message 4: by Kayla (new)

Kayla ***********Small Crates**********

Nationwide, nearly one million calves raised for veal and nearly six million breeding sows (female pigs) suffer nearly their entire lives inside tiny crates so small the animals can't even turn around.

Veal factory farmers separate calves from their mothers within the first few days of birth and cram them into individual crates or stalls, tethered by their necks. Inside these enclosures, the calves can barely move. The veal industry is a direct byproduct of the dairy industry and depends on it for survival.

Breeding sows suffer a similar fate. Throughout nearly their entire four-month pregnancies, the animals are confined inside individual metal gestation crates barely bigger than their own bodies, unable to perform many of their natural behaviors.

Due to animal welfare concerns, the entire European Union has already banned both veal crates and gestation crates, effective 2007 and 2013, respectively. Yet, in the United States, the use of these abusive crates remains customary practice.


message 5: by Kayla (new)

Kayla For more news on animals click here.
Also there are some really interesting facts on animals in here great for school writing assignments. :-)


message 6: by Kayla (new)

Kayla The following information was gathered at this web site. Click here to go to it.


message 7: by Kayla (new)

Kayla ********Dairy Cow Abuse********

The 9 million cows living on dairy farms in the United States spend most of their lives in large sheds or on feces-caked mud lots, where disease is rampant.3 Cows raised for their milk are repeatedly impregnated. Their babies are taken away so that humans can drink the milk intended for the calves. When their exhausted bodies can no longer provide enough milk, they are sent to slaughter and ground up for hamburgers.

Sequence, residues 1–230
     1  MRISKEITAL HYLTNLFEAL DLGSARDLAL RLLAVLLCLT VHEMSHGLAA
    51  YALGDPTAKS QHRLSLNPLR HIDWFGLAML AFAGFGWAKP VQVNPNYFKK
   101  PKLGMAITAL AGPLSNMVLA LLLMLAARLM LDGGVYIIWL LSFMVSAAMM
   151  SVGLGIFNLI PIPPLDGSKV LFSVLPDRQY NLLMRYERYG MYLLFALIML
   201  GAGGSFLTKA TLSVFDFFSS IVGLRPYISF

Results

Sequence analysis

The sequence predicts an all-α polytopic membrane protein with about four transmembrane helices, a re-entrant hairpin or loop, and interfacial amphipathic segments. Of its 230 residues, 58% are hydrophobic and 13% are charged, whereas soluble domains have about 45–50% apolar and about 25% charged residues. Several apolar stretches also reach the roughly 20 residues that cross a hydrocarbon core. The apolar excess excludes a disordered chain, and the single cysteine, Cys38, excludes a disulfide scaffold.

Cows produce milk for the same reason that humans do: to nourish their babies. In order to force the animals to continue giving milk, factory farmers impregnate them using artificial insemination every year. Calves are generally taken from their mothers within a day of being born—males are destined for veal crates, and females are sentenced to the same fate as their mothers.

Mother cows on dairy farms can often be seen searching and calling for their calves long after they have been separated. Author Oliver Sacks, M.D., wrote of a visit that he and cattle expert Dr. Temple Grandin made to a dairy farm and of the great tumult of bellowing that they heard when they arrived: “‘They must have separated the calves from the cows this morning,’ Temple said, and, indeed, this was what had happened. We saw one cow outside the stockade, roaming, looking for her calf, and bellowing. ‘That’s not a happy cow,’ Temple said. ‘That’s one sad, unhappy, upset cow. She wants her baby. Bellowing for it, hunting for it. She’ll forget for a while, then start again. It’s like grieving, mourning—not much written about it. People don’t like to allow them thoughts or feelings.’”4